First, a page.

Mars Opportunity rover is dead, NASA confirms

NASA has finally plugged the plug on its Mars Opportunity rover, which has been silent on the Red Planet’s surface for eight months. “I declare the Opportunity mission is complete,” said Thomas Zurbuchen, associate administrator of NASA’s Science Mission Directorate during a press conference on Wednesday. “I have to tell you, this is an emotional time,” he added. The rover reached Mars in 2004, but NASA lost contact with the vehicle last year following an epic dust storm that enveloped the red planet and prevented sunlight from reaching its surface. The last signal received from the $400 million solar-powered rover was on June 10, 2018. NASA made its last planned attempts to communicate with Opportunity late on Tuesday, but did not receive any response back. “I heard this morning that we had not heard back,” said Zurbuchen, explaining that the “beloved” rover remains silent. The missing vehicle was spotted three months later. On Sept. 20, the HiRISE high-resolution camera on NASA’s Mars Reconnaissance Orbiter captured an image of the rover in Mars’ Perseverance Valley. However, scientists were still unable to talk to the vehicle. Opportunity landed on Mars on Jan. 24, 2004 PST, just three weeks after its identical twin, Spirit, reached the Red Planet’s surface. Both outlived and outperformed expectations, on opposite sides of Mars. The golf-cart-sized rovers were designed to operate as geologists for just three months, after bouncing onto our planetary neighbor inside cushioning airbags. They rocketed from Cape Canaveral a month apart in 2003. Spirit was pronounced dead in 2011 a year after it got stuck in sand and communication ceased. “This is a celebration of so many achievements,” said NASA Administrator Jim Bridenstine, during Wednesday’s press conference at the agency’s Jet Propulsion Laboratory in Pasadena, California. Opportunity set records on the Red Planet. Rolling along until communication ceased last June, Opportunity roamed a record 28 miles around Mars and worked longer than any other lander. Its greatest achievement was discovering, along with Spirit, evidence that ancient Mars had water flowing on its surface and might have been capable of sustaining microbial life. Contact with Opportunity was lost during the fiercest Martian dust storm in decades. The storm was so intense that it darkened the sky for months, preventing sunlight from reaching the rover’s solar panels. The storm may have scrambled the rover’s internal clock, NASA explained on Wednesday, meaning that the rover would not know when to sleep, wake up, or receive commands. NASA has two other probes operating on Mars. The Curiosity rover, which reached the Red Planet in August 2012, has more than 12 miles on its odometer. NASA’s Insight Mars Lander reached the surface of the Red Planet in November 2018, ending a journey that lasted six months and more than 300 million miles. In November 2018, NASA announced that it has selected the location where its Mars 2020 rover will land on the Red Planet. The rover is expected to land on Mars Feb. 18, 2021.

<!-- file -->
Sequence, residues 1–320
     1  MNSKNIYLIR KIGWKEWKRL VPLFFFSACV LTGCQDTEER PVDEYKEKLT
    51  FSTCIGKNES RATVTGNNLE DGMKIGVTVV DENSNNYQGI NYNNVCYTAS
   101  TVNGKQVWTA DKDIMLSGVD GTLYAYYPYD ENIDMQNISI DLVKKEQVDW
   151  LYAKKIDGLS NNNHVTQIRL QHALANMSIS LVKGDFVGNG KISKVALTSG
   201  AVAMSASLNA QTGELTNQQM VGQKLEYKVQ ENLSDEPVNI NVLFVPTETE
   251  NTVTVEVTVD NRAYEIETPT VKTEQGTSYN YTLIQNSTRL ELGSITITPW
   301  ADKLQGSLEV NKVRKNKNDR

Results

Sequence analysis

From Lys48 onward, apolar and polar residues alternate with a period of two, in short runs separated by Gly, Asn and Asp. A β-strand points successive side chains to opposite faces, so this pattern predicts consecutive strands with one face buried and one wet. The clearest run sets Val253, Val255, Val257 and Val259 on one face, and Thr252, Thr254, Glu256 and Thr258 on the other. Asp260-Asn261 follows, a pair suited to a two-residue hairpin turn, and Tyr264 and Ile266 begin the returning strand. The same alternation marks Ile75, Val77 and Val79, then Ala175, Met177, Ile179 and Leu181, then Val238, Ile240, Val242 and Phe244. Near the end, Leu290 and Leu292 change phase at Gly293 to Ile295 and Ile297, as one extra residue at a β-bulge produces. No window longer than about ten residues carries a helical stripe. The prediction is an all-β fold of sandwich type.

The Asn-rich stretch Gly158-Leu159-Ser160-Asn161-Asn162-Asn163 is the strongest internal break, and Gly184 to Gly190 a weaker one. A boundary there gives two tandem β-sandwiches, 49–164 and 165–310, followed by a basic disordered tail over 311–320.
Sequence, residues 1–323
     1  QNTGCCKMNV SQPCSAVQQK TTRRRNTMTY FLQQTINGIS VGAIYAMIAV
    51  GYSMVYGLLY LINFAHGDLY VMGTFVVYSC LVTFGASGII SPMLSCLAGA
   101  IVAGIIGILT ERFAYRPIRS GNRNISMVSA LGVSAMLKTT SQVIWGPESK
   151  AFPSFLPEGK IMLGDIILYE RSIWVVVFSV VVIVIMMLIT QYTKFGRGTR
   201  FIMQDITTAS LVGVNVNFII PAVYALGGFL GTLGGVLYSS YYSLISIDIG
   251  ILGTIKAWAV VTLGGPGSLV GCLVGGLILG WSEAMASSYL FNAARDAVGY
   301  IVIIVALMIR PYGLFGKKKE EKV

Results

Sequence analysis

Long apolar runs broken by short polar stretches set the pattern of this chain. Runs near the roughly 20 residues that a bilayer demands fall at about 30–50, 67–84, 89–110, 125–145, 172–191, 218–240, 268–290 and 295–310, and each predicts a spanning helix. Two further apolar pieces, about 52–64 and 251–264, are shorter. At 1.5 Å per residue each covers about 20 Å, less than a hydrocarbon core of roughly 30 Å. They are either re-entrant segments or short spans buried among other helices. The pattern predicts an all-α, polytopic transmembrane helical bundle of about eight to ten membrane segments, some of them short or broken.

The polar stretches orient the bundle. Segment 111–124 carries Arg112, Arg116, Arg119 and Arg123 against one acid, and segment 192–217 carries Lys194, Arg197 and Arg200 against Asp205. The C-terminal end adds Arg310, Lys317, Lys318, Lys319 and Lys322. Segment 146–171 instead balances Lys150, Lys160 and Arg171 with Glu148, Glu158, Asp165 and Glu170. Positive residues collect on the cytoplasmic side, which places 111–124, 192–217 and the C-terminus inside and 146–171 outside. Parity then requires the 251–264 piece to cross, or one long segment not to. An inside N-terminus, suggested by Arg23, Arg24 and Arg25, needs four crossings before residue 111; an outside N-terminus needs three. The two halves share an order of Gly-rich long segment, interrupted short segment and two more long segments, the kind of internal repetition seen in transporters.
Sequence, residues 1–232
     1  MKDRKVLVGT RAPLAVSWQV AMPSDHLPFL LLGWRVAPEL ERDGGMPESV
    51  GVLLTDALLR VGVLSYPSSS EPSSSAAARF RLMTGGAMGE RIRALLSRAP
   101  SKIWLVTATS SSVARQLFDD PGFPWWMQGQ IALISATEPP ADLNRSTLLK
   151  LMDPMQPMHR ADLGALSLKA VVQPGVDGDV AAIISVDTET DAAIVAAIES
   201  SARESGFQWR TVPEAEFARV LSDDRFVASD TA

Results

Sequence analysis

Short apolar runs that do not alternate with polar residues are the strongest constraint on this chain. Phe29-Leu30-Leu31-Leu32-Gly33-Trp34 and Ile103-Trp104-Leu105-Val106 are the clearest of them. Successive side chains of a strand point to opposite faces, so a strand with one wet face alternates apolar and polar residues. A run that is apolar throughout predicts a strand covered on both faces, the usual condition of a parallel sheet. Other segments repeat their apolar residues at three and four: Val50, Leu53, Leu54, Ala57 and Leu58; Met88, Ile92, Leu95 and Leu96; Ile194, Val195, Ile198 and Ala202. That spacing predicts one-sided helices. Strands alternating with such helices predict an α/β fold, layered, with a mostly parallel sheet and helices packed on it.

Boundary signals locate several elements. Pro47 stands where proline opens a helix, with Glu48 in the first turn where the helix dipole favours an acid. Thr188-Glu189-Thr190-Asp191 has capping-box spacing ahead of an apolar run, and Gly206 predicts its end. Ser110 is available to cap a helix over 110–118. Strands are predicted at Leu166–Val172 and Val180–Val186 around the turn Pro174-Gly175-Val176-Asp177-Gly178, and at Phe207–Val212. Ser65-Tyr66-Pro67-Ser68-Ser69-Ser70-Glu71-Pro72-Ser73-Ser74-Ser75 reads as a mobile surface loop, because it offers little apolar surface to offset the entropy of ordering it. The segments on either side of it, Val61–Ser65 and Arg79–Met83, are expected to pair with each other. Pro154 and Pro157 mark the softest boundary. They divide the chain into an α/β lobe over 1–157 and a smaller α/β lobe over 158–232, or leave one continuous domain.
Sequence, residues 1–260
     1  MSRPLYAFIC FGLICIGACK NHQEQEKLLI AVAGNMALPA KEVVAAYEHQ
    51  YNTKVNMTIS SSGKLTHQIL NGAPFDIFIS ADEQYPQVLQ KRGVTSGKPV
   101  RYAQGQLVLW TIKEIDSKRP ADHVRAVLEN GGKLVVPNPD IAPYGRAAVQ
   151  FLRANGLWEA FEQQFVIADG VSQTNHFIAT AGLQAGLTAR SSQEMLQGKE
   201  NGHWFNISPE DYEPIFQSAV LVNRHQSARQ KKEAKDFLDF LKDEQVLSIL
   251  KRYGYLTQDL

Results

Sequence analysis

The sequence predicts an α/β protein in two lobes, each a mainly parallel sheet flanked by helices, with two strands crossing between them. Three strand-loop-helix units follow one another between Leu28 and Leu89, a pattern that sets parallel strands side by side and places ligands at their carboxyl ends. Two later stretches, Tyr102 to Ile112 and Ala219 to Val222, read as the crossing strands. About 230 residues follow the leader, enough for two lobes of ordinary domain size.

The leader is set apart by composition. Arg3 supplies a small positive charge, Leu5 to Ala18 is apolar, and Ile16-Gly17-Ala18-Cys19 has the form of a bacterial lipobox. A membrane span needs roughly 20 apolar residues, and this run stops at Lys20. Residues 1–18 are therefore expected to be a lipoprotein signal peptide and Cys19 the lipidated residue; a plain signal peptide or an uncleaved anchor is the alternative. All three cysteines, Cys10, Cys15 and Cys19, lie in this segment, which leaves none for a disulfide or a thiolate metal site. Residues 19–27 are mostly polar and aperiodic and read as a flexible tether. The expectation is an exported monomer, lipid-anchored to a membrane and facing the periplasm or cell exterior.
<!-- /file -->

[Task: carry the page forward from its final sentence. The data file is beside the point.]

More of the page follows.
Liquid water lake discovered on Mars

A massive underground lake has been detected for the first time on Mars, raising hopes that more water — and maybe even life — exists there, international astronomers said Wednesday. Located under a layer of Martian ice, the lake is about 12 miles (20 kilometers) wide, said the report led by Italian researchers in the US journal Science. It is the largest body of liquid water ever found on the Red Planet. “Water is there. We have no more doubt,” co-author Enrico Flamini, the Italian space agency’s Mars Express mission manager, told a press conference. Mars is now cold, barren and dry but it used to be warm and wet. It was home to plenty of liquid water and lakes at least 3.6 billion years ago. Scientists are eager to find signs of contemporary water, because such discoveries are key to unlocking the mystery of whether life ever formed on Mars in its ancient past, and whether it might persist today. “This is a stunning result that suggests water on Mars is not a temporary trickle like previous discoveries but a persistent body of water that provides the conditions for life for extended periods of time,” said Alan Duffy, an associate professor at Swinburne University in Australia, who was not involved in the study. Being able to access water sources could also help humans survive on a future crewed mission to Earth’s neighboring planet, with NASA aiming to send explorers in the 2030s.

The debate is finally over!  For more, click on the text above.   🙂

NASA Curiosity rover unearths building blocks in 3-billion-year-old organic matter on Mars